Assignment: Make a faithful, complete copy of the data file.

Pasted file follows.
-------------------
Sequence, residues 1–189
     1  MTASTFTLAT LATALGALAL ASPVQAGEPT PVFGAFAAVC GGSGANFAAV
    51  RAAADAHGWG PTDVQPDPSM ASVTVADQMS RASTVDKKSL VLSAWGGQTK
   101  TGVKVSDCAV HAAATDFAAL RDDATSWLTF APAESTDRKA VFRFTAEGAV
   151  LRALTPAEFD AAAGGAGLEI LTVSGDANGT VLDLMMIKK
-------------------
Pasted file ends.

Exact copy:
Sequence, residues 1–189
     1  MTASTFTLAT LATALGALAL ASPVQAGEPT PVFGAFAAVC GGSGANFAAV
    51  RAAADAHGWG PTDVQPDPSM ASVTVADQMS RASTVDKKSL VLSAWGGQTK
   101  TGVKVSDCAV HAAATDFAAL RDDATSWLTF APAESTDRKA VFRFTAEGAV
   151  LRALTPAEFD AAAGGAGLEI LTVSGDANGT VLDLMMIKK